Study of an Intervention to Improve Use of Life-saving Medications for Heart Disease

2014-08-27 03:44:49 | BioPortfolio


The purpose of this study is to evaluate the effectiveness of a program to help patients with heart disease stay on their heart medications.


Heart disease is the leading cause of death for men and women in the United States. For patients with documented coronary artery disease (CAD), anti-platelet agents, beta-blockers and statins have all been shown to improve survival and reduce the frequency of myocardial infarction. Yet, previous research by the Duke CERTs has shown that in a population of over 28,000 patients with documented CAD, only 21% reported consistent use of triple therapy with aspirin, beta-blockers and lipid lowering therapy. These results stimulated the Duke CERTs to devise an intervention to improve adherence to these life-saving medications.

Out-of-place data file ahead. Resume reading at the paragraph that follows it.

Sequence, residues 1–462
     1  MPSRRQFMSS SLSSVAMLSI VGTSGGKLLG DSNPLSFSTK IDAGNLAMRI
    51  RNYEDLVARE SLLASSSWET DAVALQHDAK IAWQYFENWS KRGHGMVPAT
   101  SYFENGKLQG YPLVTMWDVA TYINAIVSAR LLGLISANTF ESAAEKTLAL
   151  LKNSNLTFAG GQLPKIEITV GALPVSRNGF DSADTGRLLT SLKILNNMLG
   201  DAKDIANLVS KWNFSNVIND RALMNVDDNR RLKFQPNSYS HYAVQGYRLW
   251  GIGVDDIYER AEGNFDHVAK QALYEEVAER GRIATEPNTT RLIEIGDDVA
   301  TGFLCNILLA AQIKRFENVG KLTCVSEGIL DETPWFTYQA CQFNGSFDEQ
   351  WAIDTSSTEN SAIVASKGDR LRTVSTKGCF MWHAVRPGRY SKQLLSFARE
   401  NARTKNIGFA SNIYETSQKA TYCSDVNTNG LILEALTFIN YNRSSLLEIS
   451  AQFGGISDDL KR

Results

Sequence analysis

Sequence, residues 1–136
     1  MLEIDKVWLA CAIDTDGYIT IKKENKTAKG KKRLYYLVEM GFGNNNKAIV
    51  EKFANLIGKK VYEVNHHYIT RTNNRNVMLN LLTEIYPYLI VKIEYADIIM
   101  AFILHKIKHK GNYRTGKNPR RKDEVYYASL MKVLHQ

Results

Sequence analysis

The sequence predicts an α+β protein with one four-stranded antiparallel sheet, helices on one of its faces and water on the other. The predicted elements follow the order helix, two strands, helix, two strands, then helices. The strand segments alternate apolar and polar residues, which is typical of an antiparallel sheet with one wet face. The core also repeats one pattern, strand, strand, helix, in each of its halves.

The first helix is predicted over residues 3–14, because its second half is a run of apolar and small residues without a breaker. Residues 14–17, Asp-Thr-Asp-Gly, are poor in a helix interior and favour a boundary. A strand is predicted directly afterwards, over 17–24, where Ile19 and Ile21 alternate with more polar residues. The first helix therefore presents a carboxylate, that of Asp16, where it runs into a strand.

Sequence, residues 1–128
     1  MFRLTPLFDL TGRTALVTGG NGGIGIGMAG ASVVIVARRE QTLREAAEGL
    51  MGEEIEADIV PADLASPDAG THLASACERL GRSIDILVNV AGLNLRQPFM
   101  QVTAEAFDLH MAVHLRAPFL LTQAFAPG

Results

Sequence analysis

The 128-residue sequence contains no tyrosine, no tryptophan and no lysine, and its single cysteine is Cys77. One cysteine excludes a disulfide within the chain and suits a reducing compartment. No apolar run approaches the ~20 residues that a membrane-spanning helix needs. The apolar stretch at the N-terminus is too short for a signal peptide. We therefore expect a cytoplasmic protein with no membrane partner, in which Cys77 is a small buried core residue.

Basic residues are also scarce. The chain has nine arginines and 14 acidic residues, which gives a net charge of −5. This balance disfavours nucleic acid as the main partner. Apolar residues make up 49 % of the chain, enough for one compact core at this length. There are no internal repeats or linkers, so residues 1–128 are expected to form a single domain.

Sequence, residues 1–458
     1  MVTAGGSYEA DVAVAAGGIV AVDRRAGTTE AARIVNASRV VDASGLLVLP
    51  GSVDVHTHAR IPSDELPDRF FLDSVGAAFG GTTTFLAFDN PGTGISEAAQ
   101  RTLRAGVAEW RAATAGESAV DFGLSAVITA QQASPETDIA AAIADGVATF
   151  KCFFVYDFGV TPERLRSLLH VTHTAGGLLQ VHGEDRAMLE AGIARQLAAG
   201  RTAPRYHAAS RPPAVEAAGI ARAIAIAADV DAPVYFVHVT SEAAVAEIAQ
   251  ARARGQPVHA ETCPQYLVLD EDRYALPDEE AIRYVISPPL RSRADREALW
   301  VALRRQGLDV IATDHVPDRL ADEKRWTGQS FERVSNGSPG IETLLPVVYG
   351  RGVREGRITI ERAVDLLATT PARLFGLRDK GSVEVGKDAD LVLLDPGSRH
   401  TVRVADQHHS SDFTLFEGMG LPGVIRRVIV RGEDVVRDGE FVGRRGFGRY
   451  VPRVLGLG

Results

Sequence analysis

Comparisons: Patients admitted to Duke University Hospital or Southeastern Regional Medical Center (SRMC) with CAD or CAD plus heart failure who agree to participate, will be randomized to an intervention or control arm. The control group will receive usual care, which consists of routine discharge counseling performed by the patient-care nurse and a letter/discharge summary from the Duke physician to the community physician. In addition to usual care, the intervention group will receive focused medication counseling in the hospital by the clinical pharmacist-investigator, who will identify and address potential barriers to medication adherence and will reinforce the importance of taking evidence-based medications long term. Discharge medications will be shared with the community pharmacist. The community pharmacist will monitor for problems with adherence and communicate issues back to the patient and the patient's care team.

Study Design

Allocation: Randomized, Control: Active Control, Intervention Model: Parallel Assignment, Masking: Single Blind (Outcomes Assessor)


Cardiovascular Disease


oral education & written tips for remembering medications, pill box, pocket medication card, sharing information with community pharmacist, Medication use evaluations by community pharmacist, informing physician if patient has stopped a medication


Duke University Medical Center
North Carolina
United States




Duke University

Results (where available)

View Results


Published on BioPortfolio: 2014-08-27T03:44:49-0400

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